Employment has often been characterized with issues of equality and discrimination on the basis of gender, disability, nationality, religion, age, sexual orientation, ethnicity, race and socio-political affiliation. Equality and discrimination are both governed by the principle that all employees should be treated equally. The fight for equality in employment has been advocated by the government, various social groups and organizations as well as individuals have helped further the development of equality. Like all other fights for social justice, which seek for equality among people, the fight against discrimination in employment has been furthered by the 1972 Equal Employment Opportunity Act (EEOC).
The EEO Act forms the legal front upon which equality is sought for all people in the employment sectors. The act forms the basis of the Equal Employment Opportunity Commission (EEOC) and program, which further equality in the employment sector. EEOC is a federal agency tasked with enforcing laws, which further equality and prevent discrimination at the workplace. The commission is tasked with the investigation of discrimination complaints based on nationality, colour, origin, race, sex, religion, age, disability or retaliation for participating or reporting discriminatory practice. EEOC also conducts mediation on various discrimination cases before their investigations. The commission also has a mandate to file legal suits against discriminating employees on behalf of the discriminated. The commission also adjudicates claims by victims against the federal agencies. In a bid to highlight the engagements of EEOC, this paper highlights a case in which EEOC intervenes in an employment dispute at Fry’s Electronics.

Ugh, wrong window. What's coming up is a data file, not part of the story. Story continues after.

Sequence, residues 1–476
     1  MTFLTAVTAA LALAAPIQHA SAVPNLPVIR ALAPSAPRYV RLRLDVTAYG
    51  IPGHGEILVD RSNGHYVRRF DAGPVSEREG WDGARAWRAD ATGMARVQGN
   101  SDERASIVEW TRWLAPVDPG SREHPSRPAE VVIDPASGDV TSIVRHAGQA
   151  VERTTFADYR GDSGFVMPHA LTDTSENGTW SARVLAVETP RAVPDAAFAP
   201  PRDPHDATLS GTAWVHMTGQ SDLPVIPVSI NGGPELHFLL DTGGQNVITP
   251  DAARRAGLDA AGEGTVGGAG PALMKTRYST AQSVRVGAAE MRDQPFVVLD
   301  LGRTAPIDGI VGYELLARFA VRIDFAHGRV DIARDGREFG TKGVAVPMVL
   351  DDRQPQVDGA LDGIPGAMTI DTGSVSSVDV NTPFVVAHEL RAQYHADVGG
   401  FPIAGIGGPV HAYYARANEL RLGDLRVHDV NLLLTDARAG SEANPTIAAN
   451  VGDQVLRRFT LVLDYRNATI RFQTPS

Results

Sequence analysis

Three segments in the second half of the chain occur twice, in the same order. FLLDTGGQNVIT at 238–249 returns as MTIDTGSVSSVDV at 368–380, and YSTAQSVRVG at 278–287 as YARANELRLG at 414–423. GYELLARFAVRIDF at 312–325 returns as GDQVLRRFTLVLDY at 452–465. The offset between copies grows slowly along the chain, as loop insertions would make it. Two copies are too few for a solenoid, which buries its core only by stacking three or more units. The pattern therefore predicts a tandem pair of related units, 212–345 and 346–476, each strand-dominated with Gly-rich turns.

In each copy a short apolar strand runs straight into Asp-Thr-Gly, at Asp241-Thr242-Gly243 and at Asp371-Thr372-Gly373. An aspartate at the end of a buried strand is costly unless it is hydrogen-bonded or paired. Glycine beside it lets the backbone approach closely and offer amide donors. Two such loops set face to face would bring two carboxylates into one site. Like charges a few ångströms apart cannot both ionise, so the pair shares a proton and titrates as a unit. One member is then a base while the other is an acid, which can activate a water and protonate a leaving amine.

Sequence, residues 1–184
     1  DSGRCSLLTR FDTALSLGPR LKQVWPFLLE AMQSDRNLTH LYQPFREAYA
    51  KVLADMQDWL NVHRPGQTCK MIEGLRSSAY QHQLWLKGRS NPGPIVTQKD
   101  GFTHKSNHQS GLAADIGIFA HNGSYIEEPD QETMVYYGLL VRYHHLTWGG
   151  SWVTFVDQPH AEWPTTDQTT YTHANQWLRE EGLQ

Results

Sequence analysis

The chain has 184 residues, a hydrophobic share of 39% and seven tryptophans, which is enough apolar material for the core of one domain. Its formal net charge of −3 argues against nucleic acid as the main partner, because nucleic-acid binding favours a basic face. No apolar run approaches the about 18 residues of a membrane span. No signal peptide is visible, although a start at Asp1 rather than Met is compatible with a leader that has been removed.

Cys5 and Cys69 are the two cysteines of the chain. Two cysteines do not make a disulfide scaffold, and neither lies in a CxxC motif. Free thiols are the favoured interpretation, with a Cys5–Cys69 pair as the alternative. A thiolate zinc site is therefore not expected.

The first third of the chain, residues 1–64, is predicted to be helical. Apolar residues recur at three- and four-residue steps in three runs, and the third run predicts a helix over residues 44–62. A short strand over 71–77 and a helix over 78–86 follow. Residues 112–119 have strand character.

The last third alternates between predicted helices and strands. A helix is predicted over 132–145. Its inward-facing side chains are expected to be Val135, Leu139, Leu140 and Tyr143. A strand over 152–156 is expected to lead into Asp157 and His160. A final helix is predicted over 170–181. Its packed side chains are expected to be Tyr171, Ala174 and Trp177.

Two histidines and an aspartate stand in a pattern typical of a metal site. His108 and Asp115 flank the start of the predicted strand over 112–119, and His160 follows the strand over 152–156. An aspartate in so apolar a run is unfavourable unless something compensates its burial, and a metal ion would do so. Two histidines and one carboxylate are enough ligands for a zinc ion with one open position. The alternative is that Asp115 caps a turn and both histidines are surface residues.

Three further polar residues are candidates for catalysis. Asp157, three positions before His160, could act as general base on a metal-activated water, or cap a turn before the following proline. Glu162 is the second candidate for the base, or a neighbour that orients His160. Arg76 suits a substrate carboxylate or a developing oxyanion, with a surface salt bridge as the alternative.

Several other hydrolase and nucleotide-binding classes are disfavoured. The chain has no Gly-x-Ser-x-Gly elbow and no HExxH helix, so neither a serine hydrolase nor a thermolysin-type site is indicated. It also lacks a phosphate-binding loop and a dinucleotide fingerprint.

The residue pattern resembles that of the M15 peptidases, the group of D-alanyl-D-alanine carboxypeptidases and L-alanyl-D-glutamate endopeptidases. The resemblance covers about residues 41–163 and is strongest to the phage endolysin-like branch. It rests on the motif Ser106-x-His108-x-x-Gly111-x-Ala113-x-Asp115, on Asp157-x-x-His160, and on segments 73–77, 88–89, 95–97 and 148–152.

In the case filed by EEOC- EEOC v. Fry's Electronics, Inc., 2:10-CV-1562-RSL-the commission cited non-compliance to retaliation and sexual harassment regulations under the 1964 Civil Rights Act-TITLE VII. Fry’s Electronics, which is a retailer of consumer electronics and software, is accused of firing Ka Lam for supposedly reporting a sexual harassment case to the company’s legal department. According to the case a store manager at one of Fry’s outlets sexually harassed a sales lady-America Rios-by sending her texts with sexually suggestive content and as invitations for a drink. Lam was later fired after reporting the case, but the company cited poor performance as the cause of termination. The offered reason was apparently in contrast to the consistent commendation made about his work.